More recent studies suggest that the intention-behaviour gap in the general population is large and that the original intentions of individuals get translated into action only about half of the time (Sheeran & Webb, 2016). In teaching, that would mean that a teacher only enacts original intentions and planned applications of pedagogical knowledge 50% of the time. The potential detrimental results for learning seem evident. We also know, fortunately, that the 'quality of the intention matters, and the nature of the focal goal, the basis of intention, and properties of intention each influence rates of intention realization' (Sheeran & Webb, 2016: 16). For teachers, intention realization therefore needs to tie in with clear goals and clear views on how to attain the goal.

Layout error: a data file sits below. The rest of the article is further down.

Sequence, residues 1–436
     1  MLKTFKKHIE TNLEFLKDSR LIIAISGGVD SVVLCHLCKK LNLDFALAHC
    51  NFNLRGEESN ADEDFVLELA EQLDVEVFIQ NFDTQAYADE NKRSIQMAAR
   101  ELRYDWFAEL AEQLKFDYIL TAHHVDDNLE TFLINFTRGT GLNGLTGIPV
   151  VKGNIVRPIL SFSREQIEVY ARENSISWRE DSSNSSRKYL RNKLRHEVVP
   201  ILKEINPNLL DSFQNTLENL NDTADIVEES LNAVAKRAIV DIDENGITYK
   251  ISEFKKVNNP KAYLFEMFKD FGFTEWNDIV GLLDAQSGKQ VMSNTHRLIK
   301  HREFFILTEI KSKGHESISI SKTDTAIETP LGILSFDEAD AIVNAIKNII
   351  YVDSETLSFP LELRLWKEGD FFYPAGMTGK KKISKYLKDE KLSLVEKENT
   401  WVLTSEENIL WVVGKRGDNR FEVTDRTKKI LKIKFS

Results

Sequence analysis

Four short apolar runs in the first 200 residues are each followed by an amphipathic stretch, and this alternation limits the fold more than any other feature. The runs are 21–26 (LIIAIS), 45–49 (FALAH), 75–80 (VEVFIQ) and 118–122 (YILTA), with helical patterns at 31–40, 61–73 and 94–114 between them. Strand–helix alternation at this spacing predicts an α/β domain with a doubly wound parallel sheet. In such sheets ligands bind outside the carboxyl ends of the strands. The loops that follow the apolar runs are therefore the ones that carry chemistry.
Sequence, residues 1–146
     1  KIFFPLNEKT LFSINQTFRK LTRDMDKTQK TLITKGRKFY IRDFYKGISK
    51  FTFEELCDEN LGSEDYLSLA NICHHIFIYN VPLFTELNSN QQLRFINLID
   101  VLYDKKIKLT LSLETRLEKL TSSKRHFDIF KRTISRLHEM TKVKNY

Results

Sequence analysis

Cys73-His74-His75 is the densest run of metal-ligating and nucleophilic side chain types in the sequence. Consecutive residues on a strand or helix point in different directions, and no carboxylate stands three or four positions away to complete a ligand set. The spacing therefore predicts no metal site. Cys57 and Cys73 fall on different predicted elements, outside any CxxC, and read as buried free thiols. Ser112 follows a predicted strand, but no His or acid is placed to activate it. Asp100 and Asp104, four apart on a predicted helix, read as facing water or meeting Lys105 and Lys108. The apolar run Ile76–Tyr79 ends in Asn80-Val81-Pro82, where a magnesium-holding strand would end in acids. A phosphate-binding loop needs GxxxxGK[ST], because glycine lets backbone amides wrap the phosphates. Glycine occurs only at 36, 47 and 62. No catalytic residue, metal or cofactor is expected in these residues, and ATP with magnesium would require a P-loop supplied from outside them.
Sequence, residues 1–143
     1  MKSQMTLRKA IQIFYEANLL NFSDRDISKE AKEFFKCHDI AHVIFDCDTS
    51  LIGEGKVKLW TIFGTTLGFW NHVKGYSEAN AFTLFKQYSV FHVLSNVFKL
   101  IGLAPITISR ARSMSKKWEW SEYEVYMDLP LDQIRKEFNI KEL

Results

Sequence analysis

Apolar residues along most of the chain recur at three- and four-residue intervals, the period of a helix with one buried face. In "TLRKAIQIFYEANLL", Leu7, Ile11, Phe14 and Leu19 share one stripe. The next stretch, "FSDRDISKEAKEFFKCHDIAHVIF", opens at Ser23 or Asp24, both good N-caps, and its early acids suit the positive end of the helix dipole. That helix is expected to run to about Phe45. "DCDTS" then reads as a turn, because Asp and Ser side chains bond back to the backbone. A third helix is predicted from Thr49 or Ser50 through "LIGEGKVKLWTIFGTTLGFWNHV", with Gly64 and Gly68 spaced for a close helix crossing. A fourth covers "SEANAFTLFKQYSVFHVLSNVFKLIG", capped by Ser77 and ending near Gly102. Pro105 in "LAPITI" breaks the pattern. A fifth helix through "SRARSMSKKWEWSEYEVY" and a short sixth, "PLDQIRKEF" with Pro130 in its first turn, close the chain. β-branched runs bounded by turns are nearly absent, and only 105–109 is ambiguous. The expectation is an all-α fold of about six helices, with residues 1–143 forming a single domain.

In view of the rare number of studies that investigate the intention-behaviour gap in teachers' application of their GPK in the classroom, more research in this field seems necessary for the further development of teacher education and the improvement of classroom practice. Furthermore, the importance of high intention realization rates to ensure quality education also supports the need for deeper qualitative investigation.



The current study explored the levels of intention-realization in teachers' cognitive concepts of GPK and their actions in the classroom. The study adopted a qualitative reconstructive approach by using practice-oriented research. The research question was:

What are the levels of intention-realization between the planned conceptual patterns of GPK of teachers and their concrete actions in the classroom?